Monday, February 15, 2010

My thoughts on Oprah’s show on diabetes: Part 2

Last week’s blog entry was on Oprah’s show on diabetes. Many in the Type 1 diabetic community were angered, hurt, and/or upset by the show, including me, and I left you last week saying that I would use the show as a lesson in awakening.

“Hopefully, it will leave us all inspired.”

Just to recap: There were two main points that upset me and my fellow Type 1’s.

1) Dr. Oz presented inaccuracies regarding diabetes. First, Dr. Oz claims that Type 1 diabetes is a genetic disease, but although I am not a doctor or medical researcher, many of us in the diabetic community know that this is not necessarily the case. There are plenty of Type 1's out there who do not have any Type 1 diabetes in their family history. He also stated that Type 2 is a product of lifestyle, which again is not always the case. Lifestyle is an important component of both types of diabetes, but it may or may not be the whole cause for Type 2. There are many Type 2's out there that live a healthy lifestyle, but triggered the disease through genetics.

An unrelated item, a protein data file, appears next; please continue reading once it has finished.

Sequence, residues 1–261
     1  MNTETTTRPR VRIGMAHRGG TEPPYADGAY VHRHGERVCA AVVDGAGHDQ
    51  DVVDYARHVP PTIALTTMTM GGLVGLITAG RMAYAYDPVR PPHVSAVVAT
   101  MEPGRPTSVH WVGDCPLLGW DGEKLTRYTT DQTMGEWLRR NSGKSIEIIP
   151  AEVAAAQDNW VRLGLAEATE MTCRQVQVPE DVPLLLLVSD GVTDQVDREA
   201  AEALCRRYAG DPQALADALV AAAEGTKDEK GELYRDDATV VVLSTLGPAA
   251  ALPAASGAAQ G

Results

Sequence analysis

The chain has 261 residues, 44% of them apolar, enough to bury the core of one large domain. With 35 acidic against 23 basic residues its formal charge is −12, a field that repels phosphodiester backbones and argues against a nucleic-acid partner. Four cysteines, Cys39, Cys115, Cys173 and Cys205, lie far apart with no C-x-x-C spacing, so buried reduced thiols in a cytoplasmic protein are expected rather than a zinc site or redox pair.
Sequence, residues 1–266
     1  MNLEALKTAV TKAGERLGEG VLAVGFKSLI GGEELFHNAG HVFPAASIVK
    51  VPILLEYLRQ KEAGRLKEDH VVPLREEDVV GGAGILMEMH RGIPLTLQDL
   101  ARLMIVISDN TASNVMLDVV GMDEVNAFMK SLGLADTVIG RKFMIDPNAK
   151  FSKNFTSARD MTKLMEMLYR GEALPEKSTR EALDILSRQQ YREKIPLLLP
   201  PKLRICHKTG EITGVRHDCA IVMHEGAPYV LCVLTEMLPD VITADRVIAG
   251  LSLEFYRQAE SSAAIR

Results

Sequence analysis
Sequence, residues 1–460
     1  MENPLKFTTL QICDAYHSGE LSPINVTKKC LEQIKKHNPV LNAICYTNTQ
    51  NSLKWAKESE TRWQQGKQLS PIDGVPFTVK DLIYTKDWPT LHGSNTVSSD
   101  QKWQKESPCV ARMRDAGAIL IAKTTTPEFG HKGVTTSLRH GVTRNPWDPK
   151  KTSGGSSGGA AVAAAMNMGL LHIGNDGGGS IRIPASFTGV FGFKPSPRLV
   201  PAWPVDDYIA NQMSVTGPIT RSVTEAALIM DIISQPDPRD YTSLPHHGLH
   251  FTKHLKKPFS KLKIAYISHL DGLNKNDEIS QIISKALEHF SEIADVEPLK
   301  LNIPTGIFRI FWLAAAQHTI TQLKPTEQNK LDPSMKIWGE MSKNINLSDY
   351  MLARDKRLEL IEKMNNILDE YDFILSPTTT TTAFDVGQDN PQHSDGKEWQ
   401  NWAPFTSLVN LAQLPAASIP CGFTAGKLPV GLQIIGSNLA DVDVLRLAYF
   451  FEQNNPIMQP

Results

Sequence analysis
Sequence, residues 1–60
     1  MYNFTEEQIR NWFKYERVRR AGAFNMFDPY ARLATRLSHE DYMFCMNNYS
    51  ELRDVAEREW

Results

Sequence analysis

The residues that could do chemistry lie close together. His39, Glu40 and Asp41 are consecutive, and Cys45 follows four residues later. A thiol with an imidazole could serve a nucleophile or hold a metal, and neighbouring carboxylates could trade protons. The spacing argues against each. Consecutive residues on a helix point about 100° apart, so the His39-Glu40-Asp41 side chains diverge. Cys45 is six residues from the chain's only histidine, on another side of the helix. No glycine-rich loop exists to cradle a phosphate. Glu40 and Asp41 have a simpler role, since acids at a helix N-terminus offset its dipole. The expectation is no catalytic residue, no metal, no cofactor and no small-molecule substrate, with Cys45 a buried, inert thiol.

Dr. Oz also claimed that we Type 1 diabetics don’t make “enough” insulin, but actually, the key is that we don’t make any insulin. Then, he claimed that 90% of diabetes is reversible through lifestyle, but did not point out that this is only the case with Type 2 diabetes. Type 1 diabetes can be managed through lifestyle, but this disease is not reversible. And as Kelly Kunik states in Dear Oprah & Dr. Oz- The Diabetes Show- Major FAIL, these statements only perpetuate the stereotypes that diabetics are the makers of their own fate. Thank you, Kelly, for pointing that out!!!